South Asia

Indian farmers open to dialogue after clashes with police

Farmers in India, demanding higher government-backed prices for their crops, stated on Thursday, Feb. 22, that they remain open to negotiations with the government for a peaceful resolution following Wednesday’s clashes with police. The previous day’s confrontations resulted in injuries among the protesters.

The farmers, primarily from Punjab in northern India, are seeking legally guaranteed higher prices for their crops.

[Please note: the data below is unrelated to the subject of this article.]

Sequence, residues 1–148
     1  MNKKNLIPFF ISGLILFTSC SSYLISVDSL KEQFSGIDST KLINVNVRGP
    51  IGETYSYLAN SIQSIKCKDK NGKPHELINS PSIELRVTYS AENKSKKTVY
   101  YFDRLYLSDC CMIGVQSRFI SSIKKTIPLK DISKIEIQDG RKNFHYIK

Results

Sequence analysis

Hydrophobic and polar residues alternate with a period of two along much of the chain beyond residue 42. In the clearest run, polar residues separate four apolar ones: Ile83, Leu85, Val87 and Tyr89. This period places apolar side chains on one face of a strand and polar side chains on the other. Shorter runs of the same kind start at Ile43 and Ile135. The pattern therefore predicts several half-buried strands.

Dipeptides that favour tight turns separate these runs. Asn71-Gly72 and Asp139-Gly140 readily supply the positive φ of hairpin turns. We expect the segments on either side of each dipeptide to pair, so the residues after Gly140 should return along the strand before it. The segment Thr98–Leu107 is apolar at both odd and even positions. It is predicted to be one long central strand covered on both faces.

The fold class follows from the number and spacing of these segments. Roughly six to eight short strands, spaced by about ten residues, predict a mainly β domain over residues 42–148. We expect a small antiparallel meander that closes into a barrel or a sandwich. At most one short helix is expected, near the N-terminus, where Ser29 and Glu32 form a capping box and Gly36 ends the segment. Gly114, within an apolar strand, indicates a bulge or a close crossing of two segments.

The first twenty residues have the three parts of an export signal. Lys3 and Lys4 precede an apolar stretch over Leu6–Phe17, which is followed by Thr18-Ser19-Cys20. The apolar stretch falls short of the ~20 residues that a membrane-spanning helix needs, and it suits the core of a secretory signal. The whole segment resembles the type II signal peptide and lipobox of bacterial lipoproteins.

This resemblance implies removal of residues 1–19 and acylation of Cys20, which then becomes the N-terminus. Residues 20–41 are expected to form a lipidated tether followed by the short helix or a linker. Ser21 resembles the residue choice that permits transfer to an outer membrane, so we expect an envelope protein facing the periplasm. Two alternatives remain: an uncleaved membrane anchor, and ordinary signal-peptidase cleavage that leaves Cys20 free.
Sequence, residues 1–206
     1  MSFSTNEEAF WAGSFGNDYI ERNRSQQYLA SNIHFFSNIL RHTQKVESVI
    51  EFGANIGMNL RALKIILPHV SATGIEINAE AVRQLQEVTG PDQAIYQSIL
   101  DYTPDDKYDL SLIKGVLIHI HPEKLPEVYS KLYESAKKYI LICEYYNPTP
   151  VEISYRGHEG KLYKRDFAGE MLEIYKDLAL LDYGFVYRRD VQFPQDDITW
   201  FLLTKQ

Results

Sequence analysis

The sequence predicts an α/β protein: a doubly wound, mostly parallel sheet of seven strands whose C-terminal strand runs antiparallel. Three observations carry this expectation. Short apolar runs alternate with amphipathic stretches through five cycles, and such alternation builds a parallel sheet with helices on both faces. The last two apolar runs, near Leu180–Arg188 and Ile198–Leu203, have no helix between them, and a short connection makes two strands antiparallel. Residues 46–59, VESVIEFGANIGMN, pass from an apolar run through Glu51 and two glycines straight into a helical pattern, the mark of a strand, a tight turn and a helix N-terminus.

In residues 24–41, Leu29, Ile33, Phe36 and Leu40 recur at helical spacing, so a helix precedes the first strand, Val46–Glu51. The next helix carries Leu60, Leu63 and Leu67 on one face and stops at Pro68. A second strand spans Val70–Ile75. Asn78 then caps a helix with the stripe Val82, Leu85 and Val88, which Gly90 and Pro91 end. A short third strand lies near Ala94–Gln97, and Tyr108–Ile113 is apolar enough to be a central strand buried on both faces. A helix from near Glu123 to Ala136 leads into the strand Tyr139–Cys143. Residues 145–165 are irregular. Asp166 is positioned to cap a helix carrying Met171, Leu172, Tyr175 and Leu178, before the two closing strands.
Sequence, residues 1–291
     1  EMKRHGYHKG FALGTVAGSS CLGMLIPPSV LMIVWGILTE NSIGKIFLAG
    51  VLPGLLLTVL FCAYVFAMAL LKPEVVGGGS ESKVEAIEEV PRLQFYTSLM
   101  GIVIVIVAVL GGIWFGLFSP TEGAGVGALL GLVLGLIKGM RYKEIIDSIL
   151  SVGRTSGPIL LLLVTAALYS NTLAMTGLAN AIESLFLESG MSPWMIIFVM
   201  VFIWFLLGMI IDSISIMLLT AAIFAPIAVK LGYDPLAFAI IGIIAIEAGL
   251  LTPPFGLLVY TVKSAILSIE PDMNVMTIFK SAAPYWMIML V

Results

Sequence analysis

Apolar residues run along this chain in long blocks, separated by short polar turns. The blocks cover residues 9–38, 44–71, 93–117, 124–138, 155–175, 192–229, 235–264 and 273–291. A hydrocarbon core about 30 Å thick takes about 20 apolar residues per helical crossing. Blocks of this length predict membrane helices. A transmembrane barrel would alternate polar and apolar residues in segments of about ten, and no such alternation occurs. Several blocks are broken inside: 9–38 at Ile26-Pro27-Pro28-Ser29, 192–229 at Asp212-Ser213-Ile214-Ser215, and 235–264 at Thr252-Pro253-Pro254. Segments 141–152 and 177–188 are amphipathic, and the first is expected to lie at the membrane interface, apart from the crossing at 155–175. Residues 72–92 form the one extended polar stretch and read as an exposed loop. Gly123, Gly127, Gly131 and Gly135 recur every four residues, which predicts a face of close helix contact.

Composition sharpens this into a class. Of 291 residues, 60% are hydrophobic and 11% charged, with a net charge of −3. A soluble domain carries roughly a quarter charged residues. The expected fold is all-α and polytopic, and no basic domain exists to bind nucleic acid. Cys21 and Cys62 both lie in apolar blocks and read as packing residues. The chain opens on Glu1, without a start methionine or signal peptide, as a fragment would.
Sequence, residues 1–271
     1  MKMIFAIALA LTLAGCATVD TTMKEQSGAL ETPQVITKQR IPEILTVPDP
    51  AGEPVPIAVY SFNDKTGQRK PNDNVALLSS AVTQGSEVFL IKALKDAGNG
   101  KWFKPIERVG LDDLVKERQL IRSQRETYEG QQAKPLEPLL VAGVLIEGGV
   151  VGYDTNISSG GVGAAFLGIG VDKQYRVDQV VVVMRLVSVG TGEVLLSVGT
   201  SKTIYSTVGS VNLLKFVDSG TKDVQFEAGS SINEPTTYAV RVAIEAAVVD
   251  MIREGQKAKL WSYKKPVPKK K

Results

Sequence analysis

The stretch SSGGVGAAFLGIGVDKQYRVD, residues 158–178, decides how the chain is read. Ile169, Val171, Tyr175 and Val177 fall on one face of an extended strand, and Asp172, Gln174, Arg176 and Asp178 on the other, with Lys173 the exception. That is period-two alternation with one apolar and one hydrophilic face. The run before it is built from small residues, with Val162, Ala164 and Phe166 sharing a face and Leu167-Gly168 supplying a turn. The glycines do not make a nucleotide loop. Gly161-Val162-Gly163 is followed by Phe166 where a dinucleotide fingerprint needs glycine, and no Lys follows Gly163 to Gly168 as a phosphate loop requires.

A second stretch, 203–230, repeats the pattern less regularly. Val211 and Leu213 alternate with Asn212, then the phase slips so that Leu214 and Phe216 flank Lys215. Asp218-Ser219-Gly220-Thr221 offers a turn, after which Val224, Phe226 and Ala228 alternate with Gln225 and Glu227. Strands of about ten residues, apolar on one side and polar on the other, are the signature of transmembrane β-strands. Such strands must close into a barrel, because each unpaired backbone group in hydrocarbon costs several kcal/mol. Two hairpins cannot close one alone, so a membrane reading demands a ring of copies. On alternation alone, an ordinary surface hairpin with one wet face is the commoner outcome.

Their demands are significant in the context of the upcoming general elections due by May, as they represent a crucial voter base for Prime Minister Narendra Modi.

On Monday, Feb. 19, the farmers’ groups dismissed the government’s offer of five-year contracts and guaranteed support prices for certain crops, including corn, cotton, and pulses.

Sarwan Singh Pandher, a farmers’ union leader, claimed that one protester was killed and three were injured in Wednesday’s clashes in Haryana state. However, this was denied by Haryana state police.

These protests recall similar demonstrations two years ago when farmers camped at the New Delhi border for months, ultimately leading to the repeal of a set of farm laws by Modi’s government.